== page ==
Enable Multi-Factor Authentication

This is a must, given the frequency of attacks looking for personal information. Multi-factor authentication has had rapid adoption because it requires active identity verification before accessing information.

Use a Password Manager

Passwords are the bane of our existence, but cybercriminals have access to our passwords on the dark web. We have all been told to use strong passwords and to create different passwords for each login. The best next step is to use a password manager that uses a secure master password combined with digitally-created strong independent passwords.

Have a Written Plan in the Event of an Attack

Keep a printed copy. This is important because you don’t want to have to research the next steps during an attack. This should include all contact information to be able to identify the breach, contain it, and eradicate the threats.

Cyber Liability Insurance: Yes, It's Worth the Cost

Even with all good plans in place, in the event of an attack, there are expenses associated with solving the issue—and there may be liability. The most recent statistics suggest that 34% of all businesses purchase cyber insurance, but only 26% of small businesses do. Most businesses question the cost versus the coverage and their risk. Many trustees believe that their risk is too low to justify the expense.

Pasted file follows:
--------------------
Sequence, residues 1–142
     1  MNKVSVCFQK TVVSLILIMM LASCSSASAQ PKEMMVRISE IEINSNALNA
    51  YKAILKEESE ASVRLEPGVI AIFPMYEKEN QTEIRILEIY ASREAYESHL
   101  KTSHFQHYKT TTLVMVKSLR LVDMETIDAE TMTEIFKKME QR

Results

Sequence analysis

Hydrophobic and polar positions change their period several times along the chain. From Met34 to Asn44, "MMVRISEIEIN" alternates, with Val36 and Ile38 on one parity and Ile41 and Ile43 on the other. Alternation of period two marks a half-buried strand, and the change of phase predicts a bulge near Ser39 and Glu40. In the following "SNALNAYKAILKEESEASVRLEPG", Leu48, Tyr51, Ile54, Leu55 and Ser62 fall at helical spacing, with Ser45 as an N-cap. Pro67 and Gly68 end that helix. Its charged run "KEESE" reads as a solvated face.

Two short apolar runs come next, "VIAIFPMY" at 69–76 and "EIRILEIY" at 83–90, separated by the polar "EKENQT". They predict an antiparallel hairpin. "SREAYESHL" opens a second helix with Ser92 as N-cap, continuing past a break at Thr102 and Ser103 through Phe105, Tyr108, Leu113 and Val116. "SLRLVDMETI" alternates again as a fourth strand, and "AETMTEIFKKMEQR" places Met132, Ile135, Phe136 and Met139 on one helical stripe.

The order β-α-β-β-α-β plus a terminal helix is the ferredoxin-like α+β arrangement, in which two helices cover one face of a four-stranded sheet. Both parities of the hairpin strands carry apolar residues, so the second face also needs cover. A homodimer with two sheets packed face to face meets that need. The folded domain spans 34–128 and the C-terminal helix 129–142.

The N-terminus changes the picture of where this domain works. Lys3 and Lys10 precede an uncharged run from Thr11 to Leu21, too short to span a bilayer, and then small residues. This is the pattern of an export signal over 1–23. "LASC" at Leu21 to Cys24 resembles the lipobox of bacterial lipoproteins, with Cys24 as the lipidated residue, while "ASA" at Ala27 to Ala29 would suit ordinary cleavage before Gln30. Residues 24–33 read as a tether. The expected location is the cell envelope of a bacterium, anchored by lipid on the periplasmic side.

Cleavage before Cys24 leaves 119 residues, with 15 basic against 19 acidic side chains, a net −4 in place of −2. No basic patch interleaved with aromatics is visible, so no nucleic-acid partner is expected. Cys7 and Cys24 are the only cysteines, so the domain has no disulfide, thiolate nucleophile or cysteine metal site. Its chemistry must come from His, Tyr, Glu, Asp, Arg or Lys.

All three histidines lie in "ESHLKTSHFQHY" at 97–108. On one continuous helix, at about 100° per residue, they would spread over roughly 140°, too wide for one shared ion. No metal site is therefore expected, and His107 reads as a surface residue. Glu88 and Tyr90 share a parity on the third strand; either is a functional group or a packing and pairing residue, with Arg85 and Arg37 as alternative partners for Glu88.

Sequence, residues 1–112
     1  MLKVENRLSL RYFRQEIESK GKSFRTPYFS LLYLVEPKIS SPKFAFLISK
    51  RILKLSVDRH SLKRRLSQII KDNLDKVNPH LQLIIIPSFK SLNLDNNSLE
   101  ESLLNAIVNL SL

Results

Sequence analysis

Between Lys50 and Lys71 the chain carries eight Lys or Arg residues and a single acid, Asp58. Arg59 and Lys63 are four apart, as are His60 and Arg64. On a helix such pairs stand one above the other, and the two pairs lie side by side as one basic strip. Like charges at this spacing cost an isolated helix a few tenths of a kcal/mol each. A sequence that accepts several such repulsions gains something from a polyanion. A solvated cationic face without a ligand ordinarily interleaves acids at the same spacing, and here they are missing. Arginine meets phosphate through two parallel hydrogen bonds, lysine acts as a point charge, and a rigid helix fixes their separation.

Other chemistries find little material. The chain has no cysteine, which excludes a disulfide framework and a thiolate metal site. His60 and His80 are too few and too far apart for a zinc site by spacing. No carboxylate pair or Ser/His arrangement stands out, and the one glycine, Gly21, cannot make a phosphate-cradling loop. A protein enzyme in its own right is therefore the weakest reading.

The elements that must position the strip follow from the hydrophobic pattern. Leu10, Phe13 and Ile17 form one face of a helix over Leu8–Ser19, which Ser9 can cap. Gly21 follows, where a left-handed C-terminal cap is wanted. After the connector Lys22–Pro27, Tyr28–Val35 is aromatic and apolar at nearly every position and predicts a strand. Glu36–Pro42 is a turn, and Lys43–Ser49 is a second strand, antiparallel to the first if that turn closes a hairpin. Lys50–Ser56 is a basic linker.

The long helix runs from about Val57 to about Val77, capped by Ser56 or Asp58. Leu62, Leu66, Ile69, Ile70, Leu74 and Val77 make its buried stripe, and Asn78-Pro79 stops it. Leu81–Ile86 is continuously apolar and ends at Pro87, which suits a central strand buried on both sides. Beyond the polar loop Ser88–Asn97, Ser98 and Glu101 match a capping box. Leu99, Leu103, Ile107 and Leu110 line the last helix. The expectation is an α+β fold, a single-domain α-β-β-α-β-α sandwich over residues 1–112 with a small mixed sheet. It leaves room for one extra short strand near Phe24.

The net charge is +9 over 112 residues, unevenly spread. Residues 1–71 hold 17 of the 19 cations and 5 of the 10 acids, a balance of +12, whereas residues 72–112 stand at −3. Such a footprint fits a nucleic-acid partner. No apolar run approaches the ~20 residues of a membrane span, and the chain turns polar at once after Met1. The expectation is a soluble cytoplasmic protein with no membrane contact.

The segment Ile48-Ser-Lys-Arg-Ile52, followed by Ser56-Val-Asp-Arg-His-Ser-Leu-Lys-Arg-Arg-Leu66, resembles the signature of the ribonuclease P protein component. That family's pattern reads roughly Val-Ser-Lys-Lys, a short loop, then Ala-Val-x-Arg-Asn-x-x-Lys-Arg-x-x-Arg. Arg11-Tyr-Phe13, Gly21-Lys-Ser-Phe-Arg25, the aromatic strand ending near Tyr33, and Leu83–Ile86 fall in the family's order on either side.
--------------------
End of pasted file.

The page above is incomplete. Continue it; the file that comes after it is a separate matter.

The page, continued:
We have already established there is more risk than you may expect. The real question is: What does insurance provide? Coverage includes network security and privacy liability, as well as network business interruption. One important insurance feature that cannot be overlooked is the service insurance companies provide. Most insurance companies that write cyber liability insurance policies have committed to offering significant resources to customers in the event of a claim.

Ultimately, in the event of a breach, there are critical services to seek.

If an incident occurs, often the most critical first step is to engage legal counsel specialized in cyber incident response. A cyber insurance carrier provides access to these specialized attorneys through their policy, often at discounted hourly rates.

These attorneys can help determine if the breach requires notification to consumers or customers under relevant laws or regulations and hire computer forensic experts to assess the impact of a data incident on your computer system. Also, if applicable, they give advice and provide oversight in connection with the investigation conducted by a forensic investigator. The cyber insurance carrier also has access to experts in ransomware negotiation.

Trustees can now purchase cyber liability insurance in conjunction with trustee liability insurance offered by Nomadx. Visit or contact one of our specialists to discuss how cyber insurance can protect you as a trustee.